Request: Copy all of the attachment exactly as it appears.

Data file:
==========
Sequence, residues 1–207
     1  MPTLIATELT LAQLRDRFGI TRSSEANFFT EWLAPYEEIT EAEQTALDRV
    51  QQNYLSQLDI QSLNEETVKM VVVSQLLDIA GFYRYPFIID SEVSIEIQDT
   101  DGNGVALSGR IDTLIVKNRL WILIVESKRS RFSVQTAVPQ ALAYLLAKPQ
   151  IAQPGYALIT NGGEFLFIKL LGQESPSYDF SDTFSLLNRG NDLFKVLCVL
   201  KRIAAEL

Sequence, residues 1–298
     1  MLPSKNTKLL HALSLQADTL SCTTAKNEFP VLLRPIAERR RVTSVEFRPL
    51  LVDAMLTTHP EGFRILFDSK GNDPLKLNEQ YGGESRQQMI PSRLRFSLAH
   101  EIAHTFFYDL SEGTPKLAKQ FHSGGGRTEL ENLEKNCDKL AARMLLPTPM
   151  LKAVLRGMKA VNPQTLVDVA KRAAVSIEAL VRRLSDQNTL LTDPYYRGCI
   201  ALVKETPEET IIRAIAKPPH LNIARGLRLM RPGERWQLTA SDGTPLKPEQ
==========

Sequence, residues 1–207
     1  MPTLIATELT LAQLRDRFGI TRSSEANFFT EWLAPYEEIT EAEQTALDRV
    51  QQNYLSQLDI QSLNEETVKM VVVSQLLDIA GFYRYPFIID SEVSIEIQDT
   101  DGNGVALSGR IDTLIVKNRL WILIVESKRS RFSVQTAVPQ ALAYLLAKPQ
   151  IAQPGYALIT NGGEFLFIKL LGQESPSYDF SDTFSLLNRG NDLFKVLCVL
   201  KRIAAEL

Sequence, residues 1–298
     1  MLPSKNTKLL HALSLQADTL SCTTAKNEFP VLLRPIAERR RVTSVEFRPL
    51  LVDAMLTTHP EGFRILFDSK GNDPLKLNEQ YGGESRQQMI PSRLRFSLAH
   101  EIAHTFFYDL SEGTPKLAKQ FHSGGGRTEL ENLEKNCDKL AARMLLPTPM
   151  LKAVLRGMKA VNPQTLVDVA KRAAVSIEAL VRRLSDQNTL LTDPYYRGCI
   201  ALVKETPEET IIRAIAKPPH LNIARGLRLM RPGERWQLTA SDGTPLKPEQ